All things considered, I was doing pretty well with my exploration of the lesser known Budapest project, resisting the easy temptations of Városliget and Margitsziget whenever the sun is shining. Actually, I do go to Margitsziget pretty much all the time, but no matter how I look at it, running with a DSLR is still quite cumbersome- though you do curse yourself when you miss splendid fogs and sunrises, but perhaps it doesn’t make sense to force things which were not meant to happen.
But then, as I was walking by Gellért Hill one of these days, I saw IT. IT is some sort of a cherry tree (I should probably not venture into precise tree identification any time soon, given my recent debacle), perched on one of the hill’s promontories in such a way as to be the perfect accessory for shots containing the river, Freedom Bridge and/or the sunrise, for those insane enough to show up at ungodly hours. The recent time adjustment does help a little bit, but this is probably the only positive side of it, though truly nothing could console me on Monday morning when my inner clock was cursing like mad in total confusion as to why I should be awake in what seemed to be still the dead of night but was actually almost 7 AM.
Now the thing with this likely-cherry is that you’re not the only one seeing it. Everyone does, locals and tourists alike, and they conclude that the one thing which could make the already perfect composition even perfecter is their humble self. So for every shot you take you have to suffer through a small army of people leaning against the poor tree, sporting insipid grins and trying to make their hair look good in spite of the spring breeze/hurricane.
Once you’re done and trod upwards on the hill you start coming to terms with the fact that you have taken almost identical shots for the past five or so years, with the only thing changing being the identity of the intermittent grinners, who are hopefully off frame anyway. This being said, no matter how many times you’ve visited it, and irrespective of the season, Gellért hill is ridiculously scenic, plus the hike is of the exact length which does not kill you, but makes you stronger (or so you hope).
Since we’re closing in on the end of March, the walk is often punctuated by martenitsi, a sure sign that Bulgarians have been around. Time for well researched scientific conclusions then: Bulgarians travel more these days, or more of them live in Budapest, or probably both, as each year I see more martenitsi tied to blossoming trees.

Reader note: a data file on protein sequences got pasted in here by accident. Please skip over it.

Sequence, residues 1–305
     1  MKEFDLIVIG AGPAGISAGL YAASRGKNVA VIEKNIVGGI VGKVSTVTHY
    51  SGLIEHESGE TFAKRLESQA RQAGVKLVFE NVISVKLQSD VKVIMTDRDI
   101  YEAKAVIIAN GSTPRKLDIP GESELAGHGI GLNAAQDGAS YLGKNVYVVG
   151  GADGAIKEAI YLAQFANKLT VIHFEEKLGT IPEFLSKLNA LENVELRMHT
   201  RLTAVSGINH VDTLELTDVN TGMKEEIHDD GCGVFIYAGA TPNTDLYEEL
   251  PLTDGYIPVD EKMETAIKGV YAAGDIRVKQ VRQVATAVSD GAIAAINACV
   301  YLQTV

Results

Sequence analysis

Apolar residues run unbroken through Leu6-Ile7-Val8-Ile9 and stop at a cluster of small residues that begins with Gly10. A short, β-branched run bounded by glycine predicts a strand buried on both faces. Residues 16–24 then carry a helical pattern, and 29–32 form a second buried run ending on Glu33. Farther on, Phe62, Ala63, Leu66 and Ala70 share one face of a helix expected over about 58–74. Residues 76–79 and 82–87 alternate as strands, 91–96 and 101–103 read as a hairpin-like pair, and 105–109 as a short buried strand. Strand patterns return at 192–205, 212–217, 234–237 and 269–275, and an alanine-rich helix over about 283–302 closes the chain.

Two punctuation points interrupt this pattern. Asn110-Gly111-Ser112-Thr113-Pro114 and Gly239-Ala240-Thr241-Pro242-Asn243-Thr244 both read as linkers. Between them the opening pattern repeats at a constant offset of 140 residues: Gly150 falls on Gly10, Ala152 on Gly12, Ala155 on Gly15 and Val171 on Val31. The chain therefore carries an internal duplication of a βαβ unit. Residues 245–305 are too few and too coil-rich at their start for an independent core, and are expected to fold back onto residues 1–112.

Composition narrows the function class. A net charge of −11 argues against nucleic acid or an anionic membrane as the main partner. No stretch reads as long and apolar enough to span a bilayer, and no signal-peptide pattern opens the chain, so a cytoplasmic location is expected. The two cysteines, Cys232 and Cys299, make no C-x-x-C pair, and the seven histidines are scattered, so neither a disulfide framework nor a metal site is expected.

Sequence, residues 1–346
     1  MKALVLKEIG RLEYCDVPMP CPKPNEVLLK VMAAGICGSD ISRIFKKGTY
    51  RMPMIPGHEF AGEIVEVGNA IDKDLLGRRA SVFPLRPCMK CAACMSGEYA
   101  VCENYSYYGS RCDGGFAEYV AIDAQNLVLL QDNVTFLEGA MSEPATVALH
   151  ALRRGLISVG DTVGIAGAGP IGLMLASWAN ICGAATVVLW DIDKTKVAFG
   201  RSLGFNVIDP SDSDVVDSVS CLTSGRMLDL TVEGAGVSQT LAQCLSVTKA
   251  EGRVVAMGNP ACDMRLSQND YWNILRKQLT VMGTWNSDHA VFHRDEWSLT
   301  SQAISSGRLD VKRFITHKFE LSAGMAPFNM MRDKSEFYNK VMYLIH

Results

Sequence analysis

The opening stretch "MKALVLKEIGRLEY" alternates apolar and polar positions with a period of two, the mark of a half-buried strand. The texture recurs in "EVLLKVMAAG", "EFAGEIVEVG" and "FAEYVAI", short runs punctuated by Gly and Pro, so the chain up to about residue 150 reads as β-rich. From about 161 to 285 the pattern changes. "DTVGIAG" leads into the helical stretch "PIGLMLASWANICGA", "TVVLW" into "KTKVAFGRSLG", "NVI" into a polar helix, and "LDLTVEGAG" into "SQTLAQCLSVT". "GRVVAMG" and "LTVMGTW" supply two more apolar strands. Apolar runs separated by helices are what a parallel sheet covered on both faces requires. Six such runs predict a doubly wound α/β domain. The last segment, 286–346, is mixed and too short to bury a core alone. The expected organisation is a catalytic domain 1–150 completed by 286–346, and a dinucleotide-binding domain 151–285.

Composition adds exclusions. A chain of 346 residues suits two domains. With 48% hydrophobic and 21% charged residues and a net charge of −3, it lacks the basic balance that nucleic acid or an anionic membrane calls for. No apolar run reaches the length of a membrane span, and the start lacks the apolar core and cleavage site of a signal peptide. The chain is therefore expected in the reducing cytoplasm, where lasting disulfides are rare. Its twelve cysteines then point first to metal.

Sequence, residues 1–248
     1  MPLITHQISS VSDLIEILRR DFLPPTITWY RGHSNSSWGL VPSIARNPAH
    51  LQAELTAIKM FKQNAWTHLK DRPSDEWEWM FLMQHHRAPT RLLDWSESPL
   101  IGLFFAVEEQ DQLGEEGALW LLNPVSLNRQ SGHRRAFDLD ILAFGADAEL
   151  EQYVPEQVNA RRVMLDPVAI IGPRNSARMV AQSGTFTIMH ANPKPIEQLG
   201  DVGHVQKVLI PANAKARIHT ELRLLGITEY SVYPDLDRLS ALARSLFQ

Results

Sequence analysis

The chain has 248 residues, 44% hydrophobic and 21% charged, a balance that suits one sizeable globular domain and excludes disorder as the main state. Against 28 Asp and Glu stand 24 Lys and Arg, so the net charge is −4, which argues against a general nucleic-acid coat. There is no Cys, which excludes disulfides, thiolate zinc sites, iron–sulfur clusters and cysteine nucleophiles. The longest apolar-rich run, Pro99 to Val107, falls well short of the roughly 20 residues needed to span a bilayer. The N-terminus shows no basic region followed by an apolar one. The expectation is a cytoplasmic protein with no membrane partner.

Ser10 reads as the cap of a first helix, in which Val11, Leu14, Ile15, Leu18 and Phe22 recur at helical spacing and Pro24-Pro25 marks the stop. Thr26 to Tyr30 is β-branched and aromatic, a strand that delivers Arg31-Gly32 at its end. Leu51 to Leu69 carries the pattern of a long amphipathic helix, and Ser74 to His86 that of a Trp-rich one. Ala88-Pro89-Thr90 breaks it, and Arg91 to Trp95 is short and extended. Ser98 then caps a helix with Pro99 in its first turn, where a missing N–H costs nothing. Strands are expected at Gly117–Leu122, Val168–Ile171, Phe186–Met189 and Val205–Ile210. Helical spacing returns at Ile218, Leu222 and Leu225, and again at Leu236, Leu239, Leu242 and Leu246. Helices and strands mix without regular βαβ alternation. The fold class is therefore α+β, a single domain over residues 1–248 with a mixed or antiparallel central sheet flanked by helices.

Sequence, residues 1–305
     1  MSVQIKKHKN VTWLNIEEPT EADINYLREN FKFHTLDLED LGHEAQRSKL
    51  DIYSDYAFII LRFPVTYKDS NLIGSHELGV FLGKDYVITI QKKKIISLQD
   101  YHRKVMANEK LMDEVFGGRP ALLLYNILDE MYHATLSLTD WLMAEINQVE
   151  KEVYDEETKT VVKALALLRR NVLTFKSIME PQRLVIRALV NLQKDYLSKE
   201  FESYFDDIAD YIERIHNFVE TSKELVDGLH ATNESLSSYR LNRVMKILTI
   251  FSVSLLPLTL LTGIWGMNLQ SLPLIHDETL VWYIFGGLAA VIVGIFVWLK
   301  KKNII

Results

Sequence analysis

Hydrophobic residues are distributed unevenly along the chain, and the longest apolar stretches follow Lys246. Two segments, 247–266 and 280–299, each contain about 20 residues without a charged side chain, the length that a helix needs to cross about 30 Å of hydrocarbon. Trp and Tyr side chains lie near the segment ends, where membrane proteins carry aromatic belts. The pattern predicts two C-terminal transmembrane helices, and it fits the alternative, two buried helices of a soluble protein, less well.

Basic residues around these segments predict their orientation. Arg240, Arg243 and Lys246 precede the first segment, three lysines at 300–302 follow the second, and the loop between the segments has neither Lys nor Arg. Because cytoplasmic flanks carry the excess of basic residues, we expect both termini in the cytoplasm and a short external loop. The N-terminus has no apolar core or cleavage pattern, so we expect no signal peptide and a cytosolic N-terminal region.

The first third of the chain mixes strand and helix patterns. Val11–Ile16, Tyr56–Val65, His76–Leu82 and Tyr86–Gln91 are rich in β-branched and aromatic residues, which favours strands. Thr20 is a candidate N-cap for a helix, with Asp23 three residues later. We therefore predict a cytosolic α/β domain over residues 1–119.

There is a parallel tradition of putting the martenitsi under stones too, and waiting to see what creature is closest to them the next day. There are various interpretations of what they mean, ants and larvae apparently bringing luck, while spiders spell misfortune. Should you leave your martenitsa under a rock on Gellért hill would probably result in a Japanese tourist being closest to it the next day, meaning you’ll turn into a selfie stick in the year to come.
It’s highly likely that martenitsi are so frequent on the hill simply because of those gloriously blossiming trees which punctuate the ascent, but the area is not foreign to folk magic of various kinds, as during the 17th century it was considered to be a favoured location for witch gatherings and dances. And that’s not the only interesting trivia- at various stages through its history, the hill was the home of a Celtic fort and a vineyard too.
Reaching the top can be some sort of an anticlimax- that’s if you’re not a first-time visitor who discovers the views. Otherwise, there’s too many people, and too many of them are instagramming themselves posing like the flame bearing figure to the left of the Statue of Liberty, a Budapest version of holding the Eiffel Tower on the palm of your hand or propping up the Leaning Tower of Pisa. Luckily the hill is vast enough to have many trails going in each direction, so with a bit of orienteering skill, or especially with a bit of lack thereof, you can find peaceful hideouts that are far from the madding crowd, yet close to the view. And perhaps to a probably cherry tree all of your own.